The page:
Four funerals in 20 days here at Legacy. Four friends of mine. Long time shepherds and deacons and Bible school teachers and song leaders. Pillars of this family of God at Legacy. Whew! It’s been an emotional month around here.
Allow me a couple of observations as I’ve reflected on the death of God’s saints. And funerals. And, like I tell my kids, I’m not trying to give you a guilt trip. I’m trying to teach you.
I believe funerals, just like everything we do as a congregation, are gospel. I think attending funerals embodies the gospel. Showing up at a funeral communicates the gospel. Being at a funeral rehearses the gospel. It imitates the gospel. Participating in funerals is a holy gospel practice. To attend a funeral is to be present for a sacred gospel moment.
First, funerals are important to us if we really do believe that we are “one body, and each member belongs to all the others.” Regardless of the size of our church, we are brothers and sisters in Christ. We are family. And we all go to family funerals. Saying “but I didn’t know that person” doesn’t cut it. You didn’t really know your great-uncle Ed, either, but you went to the funeral two years ago because of your mom. You may not have known the lady in the casket, but many people here at church did. And they’re sad. They’re grieving. And we all belong to each other. Going to funerals is a beautiful opportunity to obey the gospel commands to “mourn with those who mourn” and “bear one another’s burdens.”
Second, funerals give us another chance to declare our conviction that death does not have the final word. We grieve differently than the world grieves. We are a community of hope. We know that physical death has been defeated by Christ’s work on the cross and the Holy Spirit’s work at the garden tomb. We know we are all going to experience resurrection. So at funerals we sing praises to God. We thank him. We bask in the glory of his great promises to deliver us to the other side. We speak and preach and share together our anticipation of the new heavens and the new earth. Going to funerals is a proclamation of the gospel.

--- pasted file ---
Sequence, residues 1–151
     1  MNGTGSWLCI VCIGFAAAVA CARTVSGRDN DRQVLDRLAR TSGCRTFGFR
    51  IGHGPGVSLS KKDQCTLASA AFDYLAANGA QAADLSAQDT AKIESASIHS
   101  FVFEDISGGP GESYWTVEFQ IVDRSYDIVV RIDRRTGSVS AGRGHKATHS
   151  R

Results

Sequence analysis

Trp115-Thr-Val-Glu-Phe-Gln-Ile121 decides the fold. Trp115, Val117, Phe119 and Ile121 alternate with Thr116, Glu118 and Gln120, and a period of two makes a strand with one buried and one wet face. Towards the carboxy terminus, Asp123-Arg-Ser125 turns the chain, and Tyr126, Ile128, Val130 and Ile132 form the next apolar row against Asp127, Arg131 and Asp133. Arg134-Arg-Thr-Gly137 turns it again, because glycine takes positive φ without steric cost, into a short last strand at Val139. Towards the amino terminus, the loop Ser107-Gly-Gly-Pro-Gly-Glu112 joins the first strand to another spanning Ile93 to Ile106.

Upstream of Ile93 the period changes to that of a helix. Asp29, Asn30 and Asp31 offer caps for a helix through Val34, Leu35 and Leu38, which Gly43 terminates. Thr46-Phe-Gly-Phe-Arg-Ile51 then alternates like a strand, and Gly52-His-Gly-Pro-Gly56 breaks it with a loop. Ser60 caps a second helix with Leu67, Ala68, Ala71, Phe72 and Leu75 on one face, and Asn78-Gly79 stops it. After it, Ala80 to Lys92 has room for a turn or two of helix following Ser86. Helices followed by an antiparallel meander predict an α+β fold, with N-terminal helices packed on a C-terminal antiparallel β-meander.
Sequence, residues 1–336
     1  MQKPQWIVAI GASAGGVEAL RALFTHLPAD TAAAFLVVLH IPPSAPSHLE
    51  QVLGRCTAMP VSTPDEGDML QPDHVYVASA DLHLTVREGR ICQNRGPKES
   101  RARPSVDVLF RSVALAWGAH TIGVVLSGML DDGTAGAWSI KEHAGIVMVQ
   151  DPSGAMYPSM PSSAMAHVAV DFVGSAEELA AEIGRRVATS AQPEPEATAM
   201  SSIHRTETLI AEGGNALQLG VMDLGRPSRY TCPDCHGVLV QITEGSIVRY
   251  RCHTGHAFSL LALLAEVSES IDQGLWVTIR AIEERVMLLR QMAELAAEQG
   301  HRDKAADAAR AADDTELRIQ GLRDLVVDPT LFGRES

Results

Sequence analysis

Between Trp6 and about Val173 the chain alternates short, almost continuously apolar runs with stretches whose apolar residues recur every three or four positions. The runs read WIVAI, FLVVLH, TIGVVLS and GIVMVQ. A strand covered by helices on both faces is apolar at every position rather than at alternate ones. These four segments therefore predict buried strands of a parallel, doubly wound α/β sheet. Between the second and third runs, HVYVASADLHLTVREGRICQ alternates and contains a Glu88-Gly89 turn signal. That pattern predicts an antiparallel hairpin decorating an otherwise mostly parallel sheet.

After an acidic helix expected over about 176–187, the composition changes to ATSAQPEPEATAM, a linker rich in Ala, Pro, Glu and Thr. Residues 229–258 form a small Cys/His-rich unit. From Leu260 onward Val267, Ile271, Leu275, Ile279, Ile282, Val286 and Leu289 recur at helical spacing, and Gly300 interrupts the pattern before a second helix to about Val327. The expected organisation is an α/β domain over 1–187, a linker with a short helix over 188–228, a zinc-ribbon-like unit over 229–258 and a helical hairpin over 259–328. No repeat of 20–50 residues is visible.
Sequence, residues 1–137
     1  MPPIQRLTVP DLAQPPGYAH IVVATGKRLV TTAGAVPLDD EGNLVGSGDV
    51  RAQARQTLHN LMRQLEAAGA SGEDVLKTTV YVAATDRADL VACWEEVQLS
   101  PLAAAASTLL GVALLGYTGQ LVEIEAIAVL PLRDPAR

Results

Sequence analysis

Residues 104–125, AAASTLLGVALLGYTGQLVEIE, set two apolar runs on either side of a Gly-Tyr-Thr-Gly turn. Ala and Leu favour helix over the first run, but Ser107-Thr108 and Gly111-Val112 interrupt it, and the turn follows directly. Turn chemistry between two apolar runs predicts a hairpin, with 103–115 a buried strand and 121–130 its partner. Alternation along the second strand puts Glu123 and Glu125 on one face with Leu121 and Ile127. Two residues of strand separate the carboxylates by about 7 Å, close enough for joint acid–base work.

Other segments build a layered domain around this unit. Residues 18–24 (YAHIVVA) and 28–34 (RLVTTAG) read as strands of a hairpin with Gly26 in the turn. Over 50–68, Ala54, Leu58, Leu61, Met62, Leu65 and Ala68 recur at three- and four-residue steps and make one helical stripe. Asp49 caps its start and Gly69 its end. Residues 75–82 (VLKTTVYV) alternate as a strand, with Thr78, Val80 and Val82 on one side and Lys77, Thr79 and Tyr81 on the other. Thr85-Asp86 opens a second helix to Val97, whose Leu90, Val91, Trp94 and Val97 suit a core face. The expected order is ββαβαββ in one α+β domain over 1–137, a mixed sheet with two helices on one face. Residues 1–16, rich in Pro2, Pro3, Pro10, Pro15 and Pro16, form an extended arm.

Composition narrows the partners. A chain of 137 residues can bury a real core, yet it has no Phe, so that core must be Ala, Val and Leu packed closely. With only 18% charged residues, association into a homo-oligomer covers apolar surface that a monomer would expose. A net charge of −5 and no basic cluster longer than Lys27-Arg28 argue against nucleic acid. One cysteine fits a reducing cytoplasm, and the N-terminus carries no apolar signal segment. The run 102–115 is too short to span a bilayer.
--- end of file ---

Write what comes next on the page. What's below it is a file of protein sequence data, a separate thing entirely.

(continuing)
Third, attending funerals is a Christ-like, gospelesque sacrifice. It is. It takes time out of your busy schedule to go to a funeral. You have to give up part of your own day, part of your calendar, to make it to a funeral. You have to consider others better than yourself — or, at least, what they’re doing during those two hours more important than what you had planned. It’s growing in the understanding that to comfort the grieving family is more important than your own comfort. Showing love and support to the mourners is a higher priority than your shopping trip or your TV show. Hugging people and crying with people and loving on people is gospel behavior. Showing someone by your presence at a funeral that they are very important to you is extremely Christ-like. It’s very much in the way of Jesus, in Jesus’ manner, to give of yourself for the sake of others. It’s one of those transformational things. Going to funerals shapes us, molds us, changes us to be more like Christ.
As a western society, we don’t go to funerals as much as we used to. As a Christian community of faith, I think we should all make more funerals than we miss.